Your browser doesn't support javascript.
Show: 20 | 50 | 100
Results 1 - 20 de 110
Filter
1.
J Int Med Res ; 50(4): 3000605221090363, 2022 Apr.
Article in English | MEDLINE | ID: covidwho-1779533

ABSTRACT

OBJECTIVE: Hydroxychloroquine (HCQ) has been used during the coronavirus disease 2019 (COVID-19) pandemic because of its reported anti-viral activity. This study examined the association of chronic HCQ use with the incidence and complications of COVID-19. METHODS: This retrospective cohort study included adults with rheumatoid arthritis and/or systemic lupus erythematosus who visited rheumatology clinics in three tertiary hospitals in Riyadh, Saudi Arabia between January 2019 and December 2020. Patients were categorized into two groups based on HCQ use. Data were obtained from the electronic health record and by interviews with patients. The primary study objective was the incidence of COVID-19 and its complications from March 2020 to February 2021. RESULTS: Almost 11% of the study cohort was positive for COVID-19, and the incidence of COVID-19 was similar between HCQ users (11.11%) and nonusers (10.86%). Disease complication rates were similar in the study arms, and they mainly included fever, dry cough, fatigue, and breathing difficulty. CONCLUSIONS: This study revealed no significant association between chronic HCQ use and the incidence of COVID-19, and disease complications were similar in the study arms.


Subject(s)
Antirheumatic Agents , Arthritis, Rheumatoid , COVID-19 , Lupus Erythematosus, Systemic , Adult , Antirheumatic Agents/adverse effects , Arthritis, Rheumatoid/complications , Arthritis, Rheumatoid/drug therapy , COVID-19/drug therapy , COVID-19/epidemiology , Humans , Hydroxychloroquine/adverse effects , Lupus Erythematosus, Systemic/complications , Lupus Erythematosus, Systemic/drug therapy , Lupus Erythematosus, Systemic/epidemiology , Retrospective Studies
2.
RMD Open ; 8(1)2022 Mar.
Article in English | MEDLINE | ID: covidwho-1774982

ABSTRACT

OBJECTIVES: To assess antibody and T cell responses to SARS-CoV-2 vaccination in patients with rheumatoid arthritis (RA) on disease-modifying antirheumatic drugs (DMARDs). METHODS: This prospective study recruited 100 patients with RA on a variety of DMARDs for antibody and T cell analysis, pre-vaccination and 4 weeks post-vaccination. Positive antibody response was defined as sera IgG binding to ≥1 antigen. Those that remained seronegative after first vaccination were retested 4 weeks after second vaccination; and if still seronegative after vaccination three. A T cell response was defined an ELISpot count of ≥7 interferon (IFN)γ-positive cells when exposed to spike antigens. Type I IFN activity was determined using the luminex multiplex assay IFN score. RESULTS: After vaccine one, in patients without prior SARS-CoV-2 exposure, 37/83 (45%) developed vaccine-specific antibody responses, 44/83 (53%) vaccine-specific T cell responses and 64/83 (77%) developed either antibody or T cell responses. Reduced seroconversion was seen with abatacept, rituximab (RTX) and those on concomitant methotrexate (MTX) compared to 100% for healthy controls (p<0.001). Better seroconversion occurred with anti-tumour necrosis factor (TNF) versus RTX (p=0.012) and with age ≤50 (p=0.012). Pre-vaccine SARS-CoV-2 exposure was associated with higher quantitative seroconversion (≥3 antibodies) (p<0.001). In the subgroup of non-seroconverters, a second vaccination produced seroconversion in 54% (19/35), and after a third in 20% (2/10). IFN score analysis showed no change post-vaccine. CONCLUSION: Patients with RA on DMARDs have reduced vaccine responses, particularly on certain DMARDs, with improvement on subsequent vaccinations but with approximately 10% still seronegative after three doses.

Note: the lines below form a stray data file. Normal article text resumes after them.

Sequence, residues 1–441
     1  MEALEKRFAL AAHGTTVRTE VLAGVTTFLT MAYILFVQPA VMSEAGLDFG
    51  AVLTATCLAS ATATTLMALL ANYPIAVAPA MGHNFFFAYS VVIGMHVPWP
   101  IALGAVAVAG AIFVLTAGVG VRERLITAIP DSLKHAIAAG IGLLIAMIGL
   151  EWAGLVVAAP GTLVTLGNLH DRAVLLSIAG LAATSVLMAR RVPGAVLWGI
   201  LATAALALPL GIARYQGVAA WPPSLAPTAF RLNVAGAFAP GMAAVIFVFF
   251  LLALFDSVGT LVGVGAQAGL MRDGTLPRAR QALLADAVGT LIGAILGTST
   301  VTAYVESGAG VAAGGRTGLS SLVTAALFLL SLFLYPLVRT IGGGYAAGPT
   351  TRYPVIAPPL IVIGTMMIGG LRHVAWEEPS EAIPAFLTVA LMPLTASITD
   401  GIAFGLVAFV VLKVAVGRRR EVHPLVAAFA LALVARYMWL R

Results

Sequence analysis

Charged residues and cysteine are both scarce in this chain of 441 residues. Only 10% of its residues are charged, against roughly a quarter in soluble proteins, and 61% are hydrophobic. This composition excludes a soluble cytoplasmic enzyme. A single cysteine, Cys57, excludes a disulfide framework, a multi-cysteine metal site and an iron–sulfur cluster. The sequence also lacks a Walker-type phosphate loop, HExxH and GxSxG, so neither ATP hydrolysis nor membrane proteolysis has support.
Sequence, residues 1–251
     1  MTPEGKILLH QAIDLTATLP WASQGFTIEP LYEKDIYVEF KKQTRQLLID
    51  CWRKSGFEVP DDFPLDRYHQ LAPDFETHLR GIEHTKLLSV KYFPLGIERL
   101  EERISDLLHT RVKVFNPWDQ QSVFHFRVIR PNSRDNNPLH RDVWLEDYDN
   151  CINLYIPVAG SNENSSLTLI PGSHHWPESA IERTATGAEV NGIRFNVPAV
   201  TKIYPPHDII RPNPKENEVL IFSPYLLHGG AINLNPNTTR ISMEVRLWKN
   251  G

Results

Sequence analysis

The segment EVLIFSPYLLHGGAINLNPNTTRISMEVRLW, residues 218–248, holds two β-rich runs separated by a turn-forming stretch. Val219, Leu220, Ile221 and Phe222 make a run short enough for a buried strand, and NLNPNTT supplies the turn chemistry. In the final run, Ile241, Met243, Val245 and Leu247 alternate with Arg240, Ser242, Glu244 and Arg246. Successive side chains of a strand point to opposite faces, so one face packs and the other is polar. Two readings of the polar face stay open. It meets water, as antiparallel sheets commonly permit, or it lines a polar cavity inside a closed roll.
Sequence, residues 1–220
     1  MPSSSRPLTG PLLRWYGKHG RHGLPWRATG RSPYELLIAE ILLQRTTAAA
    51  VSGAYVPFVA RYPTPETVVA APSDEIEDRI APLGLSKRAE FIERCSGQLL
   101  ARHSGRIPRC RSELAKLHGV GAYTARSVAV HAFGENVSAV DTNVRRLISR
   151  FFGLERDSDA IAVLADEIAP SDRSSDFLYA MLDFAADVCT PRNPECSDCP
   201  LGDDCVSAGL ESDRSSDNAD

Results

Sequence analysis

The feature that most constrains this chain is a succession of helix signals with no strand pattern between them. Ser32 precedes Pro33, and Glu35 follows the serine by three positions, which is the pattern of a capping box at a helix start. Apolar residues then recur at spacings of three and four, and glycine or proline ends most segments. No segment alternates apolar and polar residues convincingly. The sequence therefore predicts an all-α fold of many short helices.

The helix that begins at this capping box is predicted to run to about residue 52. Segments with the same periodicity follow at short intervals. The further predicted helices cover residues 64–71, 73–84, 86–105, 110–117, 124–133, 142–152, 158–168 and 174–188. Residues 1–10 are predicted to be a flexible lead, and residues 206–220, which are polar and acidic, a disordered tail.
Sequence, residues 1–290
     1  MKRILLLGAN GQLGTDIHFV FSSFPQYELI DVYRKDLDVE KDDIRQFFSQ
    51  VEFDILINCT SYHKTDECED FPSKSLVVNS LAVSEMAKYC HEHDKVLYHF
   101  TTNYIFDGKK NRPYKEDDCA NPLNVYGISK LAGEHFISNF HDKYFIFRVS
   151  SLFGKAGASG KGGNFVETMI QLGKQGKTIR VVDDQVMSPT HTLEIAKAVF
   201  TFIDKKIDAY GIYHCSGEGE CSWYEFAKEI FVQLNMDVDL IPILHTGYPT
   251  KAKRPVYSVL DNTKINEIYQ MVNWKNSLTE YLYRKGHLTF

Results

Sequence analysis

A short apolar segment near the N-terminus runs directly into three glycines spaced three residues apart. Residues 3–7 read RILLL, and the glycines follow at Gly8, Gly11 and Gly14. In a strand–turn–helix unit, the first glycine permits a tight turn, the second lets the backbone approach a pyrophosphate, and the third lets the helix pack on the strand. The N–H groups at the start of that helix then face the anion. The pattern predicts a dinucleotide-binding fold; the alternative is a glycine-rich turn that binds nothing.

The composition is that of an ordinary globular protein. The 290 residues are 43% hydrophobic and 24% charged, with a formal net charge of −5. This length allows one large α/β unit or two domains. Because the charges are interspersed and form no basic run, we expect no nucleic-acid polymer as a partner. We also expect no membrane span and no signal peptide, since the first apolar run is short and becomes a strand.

Subject(s)
Antirheumatic Agents , Arthritis, Rheumatoid , COVID-19 , Antirheumatic Agents/therapeutic use , Arthritis, Rheumatoid/drug therapy , COVID-19/prevention & control , COVID-19 Vaccines , Humans , Prospective Studies , SARS-CoV-2 , T-Lymphocytes , Vaccination
3.
BMJ Case Rep ; 15(3)2022 Mar 09.
Article in English | MEDLINE | ID: covidwho-1736043

ABSTRACT

Haemophagocytic lymphohistiocytosis (HLH) is one of the rare haematological syndromes more commonly reported in infants/children than adults. This disease is known for its aggressive dysregulated immune response affecting the host rapidly, causing multiorgan dysfunction and thus carries a high mortality. The disease still remains cryptic in this current decade despite all the developments in the ever-evolving field of haematology. Due to its rare occurrence and being more frequent in infants and the paediatric population, the literature lacks enough data to standardise therapies. Such events in adults and the elderly are invariably related to an underlying insult such as infections, other autoimmune or rheumatological diseases or drugs. We describe an interesting case of a middle-aged Caucasian woman who presented with fever, pancytopenia and hepatitis, who was eventually diagnosed with HLH just in time to receive the life-saving specific treatment as per available guidelines.


Subject(s)
Arthritis, Rheumatoid , Lymphohistiocytosis, Hemophagocytic , Adult , Aged , Anticonvulsants/therapeutic use , Arthritis, Rheumatoid/complications , Arthritis, Rheumatoid/drug therapy , Child , Female , Fever/complications , Humans , Lamotrigine/therapeutic use , Lymphohistiocytosis, Hemophagocytic/diagnosis , Lymphohistiocytosis, Hemophagocytic/drug therapy , Lymphohistiocytosis, Hemophagocytic/etiology , Middle Aged